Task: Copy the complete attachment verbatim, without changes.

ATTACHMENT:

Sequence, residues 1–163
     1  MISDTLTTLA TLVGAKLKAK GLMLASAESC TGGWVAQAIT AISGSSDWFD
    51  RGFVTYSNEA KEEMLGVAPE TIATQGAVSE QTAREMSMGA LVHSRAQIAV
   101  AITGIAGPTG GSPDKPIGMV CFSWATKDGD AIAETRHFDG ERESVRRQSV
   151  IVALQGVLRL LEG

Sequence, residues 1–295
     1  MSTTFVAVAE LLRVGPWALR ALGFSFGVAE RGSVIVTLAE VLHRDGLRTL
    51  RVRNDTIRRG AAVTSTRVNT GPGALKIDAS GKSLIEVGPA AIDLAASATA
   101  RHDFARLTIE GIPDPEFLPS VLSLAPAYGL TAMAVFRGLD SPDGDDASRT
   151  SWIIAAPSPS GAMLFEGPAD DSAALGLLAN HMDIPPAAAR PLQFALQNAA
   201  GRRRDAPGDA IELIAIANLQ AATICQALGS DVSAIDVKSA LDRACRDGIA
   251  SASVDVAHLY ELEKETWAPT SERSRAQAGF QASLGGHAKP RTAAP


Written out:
Sequence, residues 1–163
     1  MISDTLTTLA TLVGAKLKAK GLMLASAESC TGGWVAQAIT AISGSSDWFD
    51  RGFVTYSNEA KEEMLGVAPE TIATQGAVSE QTAREMSMGA LVHSRAQIAV
   101  AITGIAGPTG GSPDKPIGMV CFSWATKDGD AIAETRHFDG ERESVRRQSV
   151  IVALQGVLRL LEG

Sequence, residues 1–295
     1  MSTTFVAVAE LLRVGPWALR ALGFSFGVAE RGSVIVTLAE VLHRDGLRTL
    51  RVRNDTIRRG AAVTSTRVNT GPGALKIDAS GKSLIEVGPA AIDLAASATA
   101  RHDFARLTIE GIPDPEFLPS VLSLAPAYGL TAMAVFRGLD SPDGDDASRT
   151  SWIIAAPSPS GAMLFEGPAD DSAALGLLAN HMDIPPAAAR PLQFALQNAA
   201  GRRRDAPGDA IELIAIANLQ AATICQALGS DVSAIDVKSA LDRACRDGIA
   251  SASVDVAHLY ELEKETWAPT SERSRAQAGF QASLGGHAKP RTAAP